LINK: Marijuana legalization advice

LINK: Marijuana smoking advice

LINK: Speeding ticket advice

LINK: DUI advice

December 21, 2012 at 1:24pm

SOUTH SOUND SIDEKICK: How to score marijuana

TACOMA CANNABIS FARMERS MARKET: Jeremy Miller and Kitty. Photo courtesy of cannabisfarmersmarkets.com

South Sound Sidekick series offers advice from experts living in the, well, South Sound. It posts every Friday. We had legal advice from Jim Foley regarding the legalization of marijuana, and we all know the law won't get straightened out for another year, so in the meantime, where and how do we get safe access to marijuana? Pot activist Jeremy Miller weighs in on the medical end of the weed spectrum.

Jeremy Miller writes,

High, my name is Jeremy Miller. I have been a local cannabis activist/lobbyist in the Olympia area for more than 20 years. In 2003, I decided to take my activism up a notch and started the Olympia Hempfest to help raise awareness of the social injustice of cannabis prohibition. In 2007, I opened a medical cannabis information center and worked with the Olympia police department to help educate and develop policies to protect medical cannabis patients. In 2010, I ran for state representative and started the world's first Cannabis Farmers Market. Let me just say that we have come quite a long way since. I'm glad to see so many seeds that were planted long ago - by myself and many others - sprouting so rapidly here in Washington.

Here are a few questions and answers regarding medical marijuana. 

Where can I find a doctor? Try CannaHealth with clinics in Seattle, Tacoma and Olympia, or 4Evergreen in Seattle, Tacoma and Kennewick.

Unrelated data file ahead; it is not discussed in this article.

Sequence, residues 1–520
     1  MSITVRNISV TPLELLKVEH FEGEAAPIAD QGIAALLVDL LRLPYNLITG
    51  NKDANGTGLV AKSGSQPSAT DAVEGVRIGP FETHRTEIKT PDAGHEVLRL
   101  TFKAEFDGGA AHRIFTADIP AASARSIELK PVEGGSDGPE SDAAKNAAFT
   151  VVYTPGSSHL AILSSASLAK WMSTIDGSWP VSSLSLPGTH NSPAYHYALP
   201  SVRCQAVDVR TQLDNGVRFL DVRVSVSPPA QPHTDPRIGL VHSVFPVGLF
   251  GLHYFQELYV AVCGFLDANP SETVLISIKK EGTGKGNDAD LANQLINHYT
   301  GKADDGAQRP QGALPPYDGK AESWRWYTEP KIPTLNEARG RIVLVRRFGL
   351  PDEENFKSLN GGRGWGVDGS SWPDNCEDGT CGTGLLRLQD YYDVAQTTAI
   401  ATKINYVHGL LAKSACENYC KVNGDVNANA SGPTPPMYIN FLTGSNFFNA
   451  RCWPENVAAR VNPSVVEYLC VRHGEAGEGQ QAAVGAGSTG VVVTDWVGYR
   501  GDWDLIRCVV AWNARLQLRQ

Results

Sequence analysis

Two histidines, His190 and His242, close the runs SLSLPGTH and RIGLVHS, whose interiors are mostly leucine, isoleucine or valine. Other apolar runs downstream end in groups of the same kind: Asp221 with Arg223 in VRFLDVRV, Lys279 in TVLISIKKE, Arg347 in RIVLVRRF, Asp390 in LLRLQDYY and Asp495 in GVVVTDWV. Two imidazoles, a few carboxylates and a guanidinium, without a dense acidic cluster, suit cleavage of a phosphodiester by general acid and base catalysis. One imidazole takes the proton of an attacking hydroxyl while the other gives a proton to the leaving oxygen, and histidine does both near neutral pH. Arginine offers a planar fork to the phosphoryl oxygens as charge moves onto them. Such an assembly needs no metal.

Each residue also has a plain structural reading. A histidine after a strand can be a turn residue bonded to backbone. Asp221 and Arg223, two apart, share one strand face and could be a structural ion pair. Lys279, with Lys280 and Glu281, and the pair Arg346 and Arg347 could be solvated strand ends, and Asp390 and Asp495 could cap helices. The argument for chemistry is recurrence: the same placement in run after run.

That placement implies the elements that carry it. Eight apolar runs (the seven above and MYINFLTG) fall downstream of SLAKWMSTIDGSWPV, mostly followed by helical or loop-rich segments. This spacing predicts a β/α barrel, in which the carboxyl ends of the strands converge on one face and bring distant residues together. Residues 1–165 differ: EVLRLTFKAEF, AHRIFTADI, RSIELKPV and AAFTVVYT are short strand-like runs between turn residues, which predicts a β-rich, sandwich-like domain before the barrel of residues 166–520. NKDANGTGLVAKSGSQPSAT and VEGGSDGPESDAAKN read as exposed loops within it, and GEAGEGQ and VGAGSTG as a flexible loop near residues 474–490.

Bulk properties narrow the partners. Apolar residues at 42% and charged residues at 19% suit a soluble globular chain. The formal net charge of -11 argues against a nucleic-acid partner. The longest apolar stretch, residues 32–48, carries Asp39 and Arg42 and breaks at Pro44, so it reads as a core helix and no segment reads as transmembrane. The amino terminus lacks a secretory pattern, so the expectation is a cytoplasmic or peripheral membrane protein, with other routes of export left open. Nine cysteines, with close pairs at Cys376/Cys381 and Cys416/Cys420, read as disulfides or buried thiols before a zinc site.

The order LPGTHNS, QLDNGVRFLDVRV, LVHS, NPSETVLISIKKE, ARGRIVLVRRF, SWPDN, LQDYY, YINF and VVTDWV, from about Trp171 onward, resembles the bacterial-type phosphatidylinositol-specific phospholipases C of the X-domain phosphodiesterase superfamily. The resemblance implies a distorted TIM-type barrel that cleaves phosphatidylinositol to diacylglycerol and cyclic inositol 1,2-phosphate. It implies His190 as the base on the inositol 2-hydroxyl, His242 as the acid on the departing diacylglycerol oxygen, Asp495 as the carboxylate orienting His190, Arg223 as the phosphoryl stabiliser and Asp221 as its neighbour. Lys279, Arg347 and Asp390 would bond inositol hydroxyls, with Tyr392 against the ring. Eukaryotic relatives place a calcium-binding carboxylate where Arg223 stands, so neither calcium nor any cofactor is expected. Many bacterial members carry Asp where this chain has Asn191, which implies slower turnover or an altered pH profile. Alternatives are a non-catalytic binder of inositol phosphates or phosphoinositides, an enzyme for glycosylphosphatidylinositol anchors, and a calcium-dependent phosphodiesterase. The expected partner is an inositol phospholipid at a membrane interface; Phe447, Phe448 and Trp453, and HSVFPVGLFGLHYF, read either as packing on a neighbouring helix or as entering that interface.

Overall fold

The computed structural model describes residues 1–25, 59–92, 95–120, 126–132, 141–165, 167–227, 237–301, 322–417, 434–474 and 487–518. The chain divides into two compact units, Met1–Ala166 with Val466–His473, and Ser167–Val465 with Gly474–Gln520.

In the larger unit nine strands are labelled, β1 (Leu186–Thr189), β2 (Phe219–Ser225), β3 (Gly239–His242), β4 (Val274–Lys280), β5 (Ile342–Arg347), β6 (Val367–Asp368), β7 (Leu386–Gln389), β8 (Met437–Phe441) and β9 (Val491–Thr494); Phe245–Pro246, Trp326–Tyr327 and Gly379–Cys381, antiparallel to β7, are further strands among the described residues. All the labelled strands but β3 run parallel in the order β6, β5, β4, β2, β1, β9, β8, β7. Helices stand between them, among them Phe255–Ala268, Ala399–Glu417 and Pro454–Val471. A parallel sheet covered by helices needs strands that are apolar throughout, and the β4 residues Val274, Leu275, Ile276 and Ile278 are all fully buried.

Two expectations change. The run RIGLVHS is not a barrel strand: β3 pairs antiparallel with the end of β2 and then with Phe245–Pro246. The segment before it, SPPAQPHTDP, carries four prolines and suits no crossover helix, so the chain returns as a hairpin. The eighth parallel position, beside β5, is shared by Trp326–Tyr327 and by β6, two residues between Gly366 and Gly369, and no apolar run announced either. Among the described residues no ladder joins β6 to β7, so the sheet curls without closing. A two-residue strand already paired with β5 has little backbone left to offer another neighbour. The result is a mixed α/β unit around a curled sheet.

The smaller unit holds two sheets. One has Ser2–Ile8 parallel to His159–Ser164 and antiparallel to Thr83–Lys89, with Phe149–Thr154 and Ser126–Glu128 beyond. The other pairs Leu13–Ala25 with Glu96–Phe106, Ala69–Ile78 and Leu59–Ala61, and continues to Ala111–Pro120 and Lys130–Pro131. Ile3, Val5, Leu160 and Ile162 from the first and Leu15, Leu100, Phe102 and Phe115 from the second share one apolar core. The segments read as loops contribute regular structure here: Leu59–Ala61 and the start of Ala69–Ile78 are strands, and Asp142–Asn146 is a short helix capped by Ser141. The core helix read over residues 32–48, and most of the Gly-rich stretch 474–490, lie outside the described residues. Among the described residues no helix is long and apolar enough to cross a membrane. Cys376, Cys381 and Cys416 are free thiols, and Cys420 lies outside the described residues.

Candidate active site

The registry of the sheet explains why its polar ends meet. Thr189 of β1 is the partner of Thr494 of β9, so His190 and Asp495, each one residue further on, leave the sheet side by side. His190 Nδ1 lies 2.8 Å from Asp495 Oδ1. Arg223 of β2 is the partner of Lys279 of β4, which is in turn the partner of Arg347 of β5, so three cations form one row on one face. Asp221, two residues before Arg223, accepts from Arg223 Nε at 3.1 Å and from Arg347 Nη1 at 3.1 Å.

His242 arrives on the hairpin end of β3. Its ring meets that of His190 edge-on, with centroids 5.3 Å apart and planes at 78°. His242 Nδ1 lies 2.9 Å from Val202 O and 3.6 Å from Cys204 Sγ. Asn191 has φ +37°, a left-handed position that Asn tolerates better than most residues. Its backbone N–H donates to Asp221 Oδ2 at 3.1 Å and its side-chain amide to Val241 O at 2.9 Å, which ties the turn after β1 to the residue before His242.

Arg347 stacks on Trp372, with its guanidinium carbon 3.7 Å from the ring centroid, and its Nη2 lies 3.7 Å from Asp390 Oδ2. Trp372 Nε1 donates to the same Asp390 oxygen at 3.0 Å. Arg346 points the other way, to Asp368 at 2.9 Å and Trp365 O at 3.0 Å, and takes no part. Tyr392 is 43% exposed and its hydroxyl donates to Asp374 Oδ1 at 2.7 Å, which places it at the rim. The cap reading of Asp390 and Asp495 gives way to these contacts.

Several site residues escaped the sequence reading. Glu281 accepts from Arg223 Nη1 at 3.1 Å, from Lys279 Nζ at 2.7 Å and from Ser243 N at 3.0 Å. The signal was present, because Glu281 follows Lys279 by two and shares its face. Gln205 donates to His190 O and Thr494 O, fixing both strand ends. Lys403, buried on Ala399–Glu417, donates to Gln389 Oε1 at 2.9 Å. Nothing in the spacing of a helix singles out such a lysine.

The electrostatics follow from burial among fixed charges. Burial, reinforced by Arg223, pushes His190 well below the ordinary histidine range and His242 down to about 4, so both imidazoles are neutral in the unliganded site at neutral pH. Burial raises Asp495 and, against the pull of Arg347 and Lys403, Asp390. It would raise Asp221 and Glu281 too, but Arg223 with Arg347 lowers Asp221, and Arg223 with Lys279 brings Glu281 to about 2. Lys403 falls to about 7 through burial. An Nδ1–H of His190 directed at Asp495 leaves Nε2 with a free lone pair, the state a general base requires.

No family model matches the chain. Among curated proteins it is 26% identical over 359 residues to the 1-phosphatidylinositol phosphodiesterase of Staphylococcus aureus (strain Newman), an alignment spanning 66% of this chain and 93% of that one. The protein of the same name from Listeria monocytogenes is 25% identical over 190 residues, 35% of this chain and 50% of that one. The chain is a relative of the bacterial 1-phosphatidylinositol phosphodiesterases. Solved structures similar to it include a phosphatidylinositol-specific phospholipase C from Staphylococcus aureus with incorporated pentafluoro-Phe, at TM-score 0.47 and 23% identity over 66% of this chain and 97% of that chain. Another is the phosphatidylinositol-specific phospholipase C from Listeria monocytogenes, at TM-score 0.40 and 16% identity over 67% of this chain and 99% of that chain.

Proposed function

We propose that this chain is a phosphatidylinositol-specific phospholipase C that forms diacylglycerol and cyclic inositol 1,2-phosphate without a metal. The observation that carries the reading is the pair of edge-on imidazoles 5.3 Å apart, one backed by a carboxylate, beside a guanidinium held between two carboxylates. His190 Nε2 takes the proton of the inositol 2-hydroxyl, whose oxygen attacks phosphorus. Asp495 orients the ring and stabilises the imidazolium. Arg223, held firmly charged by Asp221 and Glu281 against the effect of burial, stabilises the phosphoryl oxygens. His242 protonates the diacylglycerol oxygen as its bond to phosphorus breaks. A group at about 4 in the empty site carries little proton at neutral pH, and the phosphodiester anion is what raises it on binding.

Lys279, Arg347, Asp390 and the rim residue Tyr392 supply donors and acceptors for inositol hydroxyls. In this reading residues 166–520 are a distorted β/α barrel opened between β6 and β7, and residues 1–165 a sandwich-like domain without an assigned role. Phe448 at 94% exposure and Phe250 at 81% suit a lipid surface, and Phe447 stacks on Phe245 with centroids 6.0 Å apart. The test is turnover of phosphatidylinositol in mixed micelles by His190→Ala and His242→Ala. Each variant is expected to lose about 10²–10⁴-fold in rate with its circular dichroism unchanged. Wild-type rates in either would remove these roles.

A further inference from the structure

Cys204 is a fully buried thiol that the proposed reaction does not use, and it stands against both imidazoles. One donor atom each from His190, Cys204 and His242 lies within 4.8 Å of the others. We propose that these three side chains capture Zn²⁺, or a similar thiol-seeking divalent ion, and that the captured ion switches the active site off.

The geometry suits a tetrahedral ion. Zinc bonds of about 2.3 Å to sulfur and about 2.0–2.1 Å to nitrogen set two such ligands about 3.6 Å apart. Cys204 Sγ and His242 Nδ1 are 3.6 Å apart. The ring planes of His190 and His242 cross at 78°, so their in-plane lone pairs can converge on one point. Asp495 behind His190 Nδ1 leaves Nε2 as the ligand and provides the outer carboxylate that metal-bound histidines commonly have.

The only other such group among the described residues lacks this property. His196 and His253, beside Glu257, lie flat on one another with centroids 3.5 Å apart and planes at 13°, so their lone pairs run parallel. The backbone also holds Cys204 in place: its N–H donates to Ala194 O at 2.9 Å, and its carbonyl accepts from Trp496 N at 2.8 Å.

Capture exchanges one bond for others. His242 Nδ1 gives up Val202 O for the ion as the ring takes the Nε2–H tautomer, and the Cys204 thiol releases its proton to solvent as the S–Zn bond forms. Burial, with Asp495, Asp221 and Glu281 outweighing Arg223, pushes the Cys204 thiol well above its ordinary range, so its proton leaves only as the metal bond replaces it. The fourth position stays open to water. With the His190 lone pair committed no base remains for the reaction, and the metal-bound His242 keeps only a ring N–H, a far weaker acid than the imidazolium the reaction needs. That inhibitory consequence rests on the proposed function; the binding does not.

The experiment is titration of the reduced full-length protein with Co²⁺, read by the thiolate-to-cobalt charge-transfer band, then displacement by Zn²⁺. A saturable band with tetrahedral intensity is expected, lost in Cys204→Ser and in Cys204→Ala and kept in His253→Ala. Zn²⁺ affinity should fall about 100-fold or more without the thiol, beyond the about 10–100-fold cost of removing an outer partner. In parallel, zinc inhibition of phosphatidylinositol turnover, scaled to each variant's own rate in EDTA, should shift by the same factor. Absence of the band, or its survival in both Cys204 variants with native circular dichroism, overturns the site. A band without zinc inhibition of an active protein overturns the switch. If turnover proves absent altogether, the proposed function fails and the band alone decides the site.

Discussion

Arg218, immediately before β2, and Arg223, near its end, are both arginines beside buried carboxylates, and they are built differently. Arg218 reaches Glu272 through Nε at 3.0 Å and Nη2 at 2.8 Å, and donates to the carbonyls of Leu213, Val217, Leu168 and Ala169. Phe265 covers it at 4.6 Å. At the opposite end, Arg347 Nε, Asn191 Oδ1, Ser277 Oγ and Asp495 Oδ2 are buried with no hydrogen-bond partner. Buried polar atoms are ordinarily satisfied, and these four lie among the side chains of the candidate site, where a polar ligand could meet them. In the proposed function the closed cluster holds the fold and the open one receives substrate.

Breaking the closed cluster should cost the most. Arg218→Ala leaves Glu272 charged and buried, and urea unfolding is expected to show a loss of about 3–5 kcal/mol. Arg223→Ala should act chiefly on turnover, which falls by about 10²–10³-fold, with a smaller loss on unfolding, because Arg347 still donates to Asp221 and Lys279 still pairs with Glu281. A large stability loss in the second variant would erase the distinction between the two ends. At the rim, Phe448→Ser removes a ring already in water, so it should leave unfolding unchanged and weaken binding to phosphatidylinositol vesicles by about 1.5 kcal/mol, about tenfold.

What are some of the qualifying conditions? The conditions are cancer, HIV/AIDS, multiple sclerosis, epilepsy/seizures, chronic pain, spasticity disorder(s), cramping/muscle spasms, migraine headaches, hepatitis C, Crohn's disease, glaucoma, arthritis, nausea, anorexia, and asthma.

What documents will I need? Bring medical records that diagnose your condition.

How much will it cost? On average, it costs about $100 for a one-year authorization.

Where can I find a community of other medical users? Stop by the Cannabis Farmers Market at 1912 Center St. in Tacoma. It's the largest source of medical cannabis in the state. It is a great place to meet others.

I'm sure that everyone still has many questions. Unfortunately I can't predict the future and the Washington State Liquor Control Board has until Dec. 13, 2013 to finish the rule-making process. At that point I will be able to have more information for you to stay safe in this new world we find ourselves living in. I hope to see everyone down at the 10-year anniversary of the Olympia Hempfest July 27 and 28. Keep an eye on www.olympiahempfest.com.

LINK: Smoking marijuana in Washington state advice

LINK: How to harvest geoducks

LINK: Speeding ticket advice

LINK: DUI advice

LINK: Music business advice

LINK: First tattoo advice

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December 15, 2012 at 12:19pm

SOUTH SOUND SIDEKICK: Domestic violence and the holidays

THE COUNSELOR: Jim Foley suggests you think before getting angry over burnt pot roast

MARIJUANA LEGALIZATION >>>